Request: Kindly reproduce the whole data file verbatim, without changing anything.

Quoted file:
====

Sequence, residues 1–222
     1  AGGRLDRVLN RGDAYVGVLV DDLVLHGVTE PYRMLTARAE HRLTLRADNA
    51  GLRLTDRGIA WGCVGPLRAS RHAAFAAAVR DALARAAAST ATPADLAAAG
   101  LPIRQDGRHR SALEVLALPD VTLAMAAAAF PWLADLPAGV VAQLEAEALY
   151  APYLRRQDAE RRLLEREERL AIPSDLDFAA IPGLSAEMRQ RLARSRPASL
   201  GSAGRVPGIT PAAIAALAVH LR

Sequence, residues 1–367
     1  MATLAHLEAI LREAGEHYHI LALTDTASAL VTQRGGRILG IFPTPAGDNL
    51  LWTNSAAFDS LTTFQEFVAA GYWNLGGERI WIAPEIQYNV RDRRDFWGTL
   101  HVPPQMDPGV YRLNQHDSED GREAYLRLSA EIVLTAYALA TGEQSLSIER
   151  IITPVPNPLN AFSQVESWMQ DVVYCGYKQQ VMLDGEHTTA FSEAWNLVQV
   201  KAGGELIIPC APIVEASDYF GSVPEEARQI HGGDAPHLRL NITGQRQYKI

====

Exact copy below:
Sequence, residues 1–222
     1  AGGRLDRVLN RGDAYVGVLV DDLVLHGVTE PYRMLTARAE HRLTLRADNA
    51  GLRLTDRGIA WGCVGPLRAS RHAAFAAAVR DALARAAAST ATPADLAAAG
   101  LPIRQDGRHR SALEVLALPD VTLAMAAAAF PWLADLPAGV VAQLEAEALY
   151  APYLRRQDAE RRLLEREERL AIPSDLDFAA IPGLSAEMRQ RLARSRPASL
   201  GSAGRVPGIT PAAIAALAVH LR

Sequence, residues 1–367
     1  MATLAHLEAI LREAGEHYHI LALTDTASAL VTQRGGRILG IFPTPAGDNL
    51  LWTNSAAFDS LTTFQEFVAA GYWNLGGERI WIAPEIQYNV RDRRDFWGTL
   101  HVPPQMDPGV YRLNQHDSED GREAYLRLSA EIVLTAYALA TGEQSLSIER
   151  IITPVPNPLN AFSQVESWMQ DVVYCGYKQQ VMLDGEHTTA FSEAWNLVQV
   201  KAGGELIIPC APIVEASDYF GSVPEEARQI HGGDAPHLRL NITGQRQYKI